The use of computers in neuropsychological evaluation requires attention and care from the experimenter or clinician. Potential errors in computerized neuropsychological testing could arise because of hardware and software interactions (e.g., resolution of the display and presentation of stimuli affected by the monitor type and size; Cernich, Brennana, Barker, & Bleiberg, 2007). Computers are helpful in the calculations of scores or conversion from raw to standard scores, but automated scoring has limited usefulness in neuropsychological practice if other variables are not controlled. The importance of paying attention to the patient's response style, manner of dealing with difficulties, type of interaction established, and other important sources of clinically relevant hypotheses has been stressed (Berger, 2006). The analysis of performance by computers needs to be interpreted in the context of psychometric data together with aspects of the patient's history and findings from clinical or neurological examinations (Luciana, 2003).
The normative data for CANTAB have been obtained from over 2000 studies with normal subjects aged 4 to 90 years who participated in several studies conducted primarily in the United Kingdom (Cambridge Cognition, 2006).
The 22 tests that constitute CANTAB (CANTABeclipse) examine various areas of cognitive function including visual memory, visual attention, learning and memory, working memory, planning, set-shifting, sustained attention, and fluid intelligence. The tests are divided into six main groups: motor and visual memory, executive function, working memory and planning, attention, verbal/semantic memory, and decision making and response control (Cambridge Cognition, 2006).
CANTAB allows the investigator to create his/her own battery using a selection of tests tailored to his/her research interest. The battery was first commercialized in 1994. Since then, it has been used by more than 500 academic institutions worldwide and cited in over 600 scientific papers (Cambridge Cognition, 2006).
In this wide range of studies, we can find studies that applied CANTAB in children. Several studies compared controls and a given pathology or specific groups. Examples are the assessment of neuropsychological function after admission to pediatric intensive care (Elison, Shears, Nadel, Sahakian, & Garralda, 2008), executive function with regard to inhibition, planning, flexible shifting of actions, and working memory in children with high-functioning autism and attention deficit/hyperactivity disorder (Goldberg et al., 2005), neuropsychological performance in children with bipolar disorder (Dickstein et al., 2004), and the effects of a drug (e.g., methylphenidate) on performance in children with attention deficit/hyperactivity disorder (DeVito et al., 2009). Control groups composed of age- and educational level-matched healthy children were employed in these and other studies. However, studies dedicated to obtaining normative values in children are scarce. We found only two such studies (De Luca et al., 2003; Luciana & Nelson, 2002). De Luca and colleagues described the development of executive function over the lifespan in participants who ranged in age from 8 to 64 years. In children, they found functional gains in the efficiency of working memory capacity, planning, and problem-solving ability. Luciana and Nelson (2002) assessed CANTAB performance in children aged 4 to 12 years. CANTAB has been reported to have high applicability in the evaluation of children with weak verbal skills such as those associated with learning disability, autism, or both.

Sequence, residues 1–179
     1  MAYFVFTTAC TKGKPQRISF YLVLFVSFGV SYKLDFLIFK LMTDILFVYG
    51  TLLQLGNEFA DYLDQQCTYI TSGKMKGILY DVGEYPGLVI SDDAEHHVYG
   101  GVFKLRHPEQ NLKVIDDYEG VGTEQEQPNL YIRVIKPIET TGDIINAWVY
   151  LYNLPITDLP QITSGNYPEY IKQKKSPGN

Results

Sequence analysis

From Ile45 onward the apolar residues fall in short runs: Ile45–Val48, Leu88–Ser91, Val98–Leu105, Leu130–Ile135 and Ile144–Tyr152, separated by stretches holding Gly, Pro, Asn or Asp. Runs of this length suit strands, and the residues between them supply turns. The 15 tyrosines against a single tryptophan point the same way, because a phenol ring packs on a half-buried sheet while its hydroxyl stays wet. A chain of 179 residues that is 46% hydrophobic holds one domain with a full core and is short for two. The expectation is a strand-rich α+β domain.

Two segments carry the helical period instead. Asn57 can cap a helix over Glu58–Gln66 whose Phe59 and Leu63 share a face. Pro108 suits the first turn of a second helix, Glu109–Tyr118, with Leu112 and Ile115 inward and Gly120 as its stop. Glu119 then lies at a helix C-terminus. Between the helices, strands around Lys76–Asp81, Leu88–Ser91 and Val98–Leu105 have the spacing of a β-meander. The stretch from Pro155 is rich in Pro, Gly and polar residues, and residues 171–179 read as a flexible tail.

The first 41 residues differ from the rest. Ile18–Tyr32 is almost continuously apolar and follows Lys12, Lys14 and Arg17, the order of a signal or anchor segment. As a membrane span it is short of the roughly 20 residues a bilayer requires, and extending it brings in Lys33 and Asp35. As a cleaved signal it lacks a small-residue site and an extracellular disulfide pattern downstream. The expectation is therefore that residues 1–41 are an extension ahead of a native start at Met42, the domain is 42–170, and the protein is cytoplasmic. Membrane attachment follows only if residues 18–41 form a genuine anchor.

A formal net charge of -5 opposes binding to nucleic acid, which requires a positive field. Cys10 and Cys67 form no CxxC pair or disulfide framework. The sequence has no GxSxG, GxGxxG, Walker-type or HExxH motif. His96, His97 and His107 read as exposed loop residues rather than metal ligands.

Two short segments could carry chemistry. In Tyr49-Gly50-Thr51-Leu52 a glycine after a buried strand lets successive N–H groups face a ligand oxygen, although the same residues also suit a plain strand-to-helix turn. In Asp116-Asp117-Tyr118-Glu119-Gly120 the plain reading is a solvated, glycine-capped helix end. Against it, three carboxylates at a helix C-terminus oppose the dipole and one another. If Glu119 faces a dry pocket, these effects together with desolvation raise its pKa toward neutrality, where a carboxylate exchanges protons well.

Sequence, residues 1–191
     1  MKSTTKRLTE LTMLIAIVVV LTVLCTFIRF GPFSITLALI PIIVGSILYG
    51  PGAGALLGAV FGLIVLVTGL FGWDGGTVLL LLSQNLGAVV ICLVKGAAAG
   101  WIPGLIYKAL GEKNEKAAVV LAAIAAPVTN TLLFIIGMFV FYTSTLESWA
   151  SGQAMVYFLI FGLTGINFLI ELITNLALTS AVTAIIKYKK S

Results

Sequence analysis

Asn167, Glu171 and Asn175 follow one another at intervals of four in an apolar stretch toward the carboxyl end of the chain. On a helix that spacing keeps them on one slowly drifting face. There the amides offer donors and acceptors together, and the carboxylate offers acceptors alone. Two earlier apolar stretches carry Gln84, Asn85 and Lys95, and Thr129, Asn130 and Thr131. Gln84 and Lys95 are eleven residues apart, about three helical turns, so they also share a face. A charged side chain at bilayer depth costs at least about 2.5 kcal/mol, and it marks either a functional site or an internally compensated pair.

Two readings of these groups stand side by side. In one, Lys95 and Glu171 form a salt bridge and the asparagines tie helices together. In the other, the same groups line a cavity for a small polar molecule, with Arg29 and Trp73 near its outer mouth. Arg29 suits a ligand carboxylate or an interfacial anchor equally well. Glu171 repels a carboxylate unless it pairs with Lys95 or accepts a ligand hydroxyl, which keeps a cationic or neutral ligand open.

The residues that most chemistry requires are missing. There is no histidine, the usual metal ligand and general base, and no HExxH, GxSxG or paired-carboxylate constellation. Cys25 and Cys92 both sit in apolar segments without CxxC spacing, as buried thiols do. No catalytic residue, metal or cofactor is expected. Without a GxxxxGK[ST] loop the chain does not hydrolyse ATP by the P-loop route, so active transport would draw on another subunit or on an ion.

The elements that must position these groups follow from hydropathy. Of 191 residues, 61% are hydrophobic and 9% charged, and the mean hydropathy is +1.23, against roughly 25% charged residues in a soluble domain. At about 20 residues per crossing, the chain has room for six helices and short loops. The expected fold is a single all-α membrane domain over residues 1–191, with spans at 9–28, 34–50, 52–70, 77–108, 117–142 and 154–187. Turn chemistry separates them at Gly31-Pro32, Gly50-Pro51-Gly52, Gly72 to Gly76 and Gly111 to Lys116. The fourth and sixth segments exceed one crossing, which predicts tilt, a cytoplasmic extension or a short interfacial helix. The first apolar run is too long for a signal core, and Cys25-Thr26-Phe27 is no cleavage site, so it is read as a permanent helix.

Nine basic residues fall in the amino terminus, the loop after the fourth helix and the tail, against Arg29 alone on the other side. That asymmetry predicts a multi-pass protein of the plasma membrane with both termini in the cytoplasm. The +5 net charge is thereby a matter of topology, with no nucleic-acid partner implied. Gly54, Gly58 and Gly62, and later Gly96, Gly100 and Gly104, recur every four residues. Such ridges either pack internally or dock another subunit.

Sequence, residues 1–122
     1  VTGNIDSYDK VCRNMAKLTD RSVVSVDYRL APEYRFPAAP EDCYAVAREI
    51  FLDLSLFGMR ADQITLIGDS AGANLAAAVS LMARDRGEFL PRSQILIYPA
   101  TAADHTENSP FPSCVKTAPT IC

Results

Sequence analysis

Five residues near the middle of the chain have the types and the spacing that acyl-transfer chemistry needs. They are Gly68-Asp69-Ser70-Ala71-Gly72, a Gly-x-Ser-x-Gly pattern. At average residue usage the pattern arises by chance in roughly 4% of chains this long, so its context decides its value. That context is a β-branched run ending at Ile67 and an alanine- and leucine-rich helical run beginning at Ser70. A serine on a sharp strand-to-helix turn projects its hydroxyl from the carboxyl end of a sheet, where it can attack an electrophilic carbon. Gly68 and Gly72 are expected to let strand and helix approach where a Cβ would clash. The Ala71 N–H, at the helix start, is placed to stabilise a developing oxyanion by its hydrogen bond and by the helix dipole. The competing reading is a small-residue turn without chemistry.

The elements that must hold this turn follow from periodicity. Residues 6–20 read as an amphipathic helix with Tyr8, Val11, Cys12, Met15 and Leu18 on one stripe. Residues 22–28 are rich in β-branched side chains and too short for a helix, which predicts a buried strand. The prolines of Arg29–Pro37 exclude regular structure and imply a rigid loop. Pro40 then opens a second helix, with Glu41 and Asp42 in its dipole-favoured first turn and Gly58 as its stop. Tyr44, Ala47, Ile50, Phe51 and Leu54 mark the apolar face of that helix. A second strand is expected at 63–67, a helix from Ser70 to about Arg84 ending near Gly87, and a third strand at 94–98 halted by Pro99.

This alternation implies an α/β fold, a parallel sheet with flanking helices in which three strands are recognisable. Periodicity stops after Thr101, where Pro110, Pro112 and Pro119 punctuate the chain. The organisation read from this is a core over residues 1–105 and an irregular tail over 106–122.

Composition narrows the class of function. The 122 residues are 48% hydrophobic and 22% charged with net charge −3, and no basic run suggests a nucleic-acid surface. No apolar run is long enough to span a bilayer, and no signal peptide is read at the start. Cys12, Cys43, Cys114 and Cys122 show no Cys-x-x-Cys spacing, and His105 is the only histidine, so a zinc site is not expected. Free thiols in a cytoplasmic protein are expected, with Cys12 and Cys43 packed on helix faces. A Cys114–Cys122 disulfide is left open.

The neurological disorders investigated in the present report (i.e., multiple sclerosis MS] and Duchenne muscular dystrophy DMD]) are known to affect neuropsychological function (Balsimelli, Mendes, Bertolucci, & Tilbery, 2007; Beatty, Goodkin, Monson, & Beatty, 1989; Cyrulnik et al., 2008; D'Angelo & Bresolin, 2006; De Luca, Chelune, Tulsky, Lengenfelder, & Chiaravalloti, 2004; Desguerre et al., 2009; Dorman, Hurley, & D'Avignon, 1988; Giliberto, Ferreiro, Dalamon, & Szijan, 2004; Grant, McDonald, Trimble, Smith, & Reed, 1984; Hinton, De Vivo, Nereo, Goldstein, & Stern, 2001; Laatu, Revonsuo, Hämäläinen, Ojanen, & Ruutiainen, 2001; Miller, Tunnecliffe, & Douglas, 1985; Moizard et al., 1998; Parmenter, Schucerd, Benedict, & Schucard, 2006; Parmenter, Shucard, & Shucard, 2007; Plohmann et al., 1998; ; Rao, 2004; Ruggieri et al., 2003; Santiago, Guardia, Casado, Carmona, & Arbizu, 2007; Vleugels et al., 2000, 2001).
Multiple sclerosis is an autoimmune inflammatory disease characterized by demyelination and degeneration of the central nervous system. Disease onset usually occurs in young adults and is two- to three-times more frequent in women than men. The average age of onset is between 20 and 40 years, but the disorder may develop at any age.